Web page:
For your drinking pleasure, we provide two or three suggested

beers: one that is common, one that is less common, and one

that is an exceptional representation of the style.




All beer is essentially the

same. it is brewed using

grains, hops and yeast. The

brewer steeps grains, typically

malted barley, in hot water until

proteins convert to sugars. The

resulting sugar water is boiled as

other ingredients, typically hops,

are added for seasoning. The

brewer then cools the resulting

concoction, referred to as wort,

and adds the yeast, which converts

the sugars to alcohol (fermentation).

The amount and type

of grain, the variety and amount

of hops, and the type of yeast the

brewer uses create a beer’s flavor

profile, appearance and alcohol

content. All beer is in the same

family, but the family tree forks,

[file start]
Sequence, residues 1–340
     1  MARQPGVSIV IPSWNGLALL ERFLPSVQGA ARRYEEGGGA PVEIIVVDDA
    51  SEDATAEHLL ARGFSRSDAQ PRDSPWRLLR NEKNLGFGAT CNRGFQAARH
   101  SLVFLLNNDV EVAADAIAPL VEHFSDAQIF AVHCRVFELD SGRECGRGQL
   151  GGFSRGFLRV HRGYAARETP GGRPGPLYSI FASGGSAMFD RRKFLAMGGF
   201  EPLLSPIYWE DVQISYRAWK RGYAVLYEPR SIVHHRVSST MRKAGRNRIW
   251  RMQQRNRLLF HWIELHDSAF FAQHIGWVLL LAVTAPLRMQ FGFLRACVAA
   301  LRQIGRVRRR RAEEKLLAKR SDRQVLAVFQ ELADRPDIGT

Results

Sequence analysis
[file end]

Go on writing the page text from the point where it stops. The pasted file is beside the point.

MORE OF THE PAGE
dividing beer into two major categories:

ales and lagers. There is

a rudimentary difference between

ale yeast and lager yeast. Ale

yeast ferments faster and at

higher temperatures. Lager yeast

ferments slower and at lower

temperatures. Each type of fermentation

imparts certain characteristics

to the beer. Ales tend to

be heavy and robust, while lagers

tend to be light and crisp.


pale ale

Based on a traditional English

style, a style of ale that has

been commonly brewed in

Britain for more than 100 years,

pale ale describes a broad

spectrum of beers that can be

sweet or dry, bitter or floral,

or any combination of those

characteristics. Pale ales range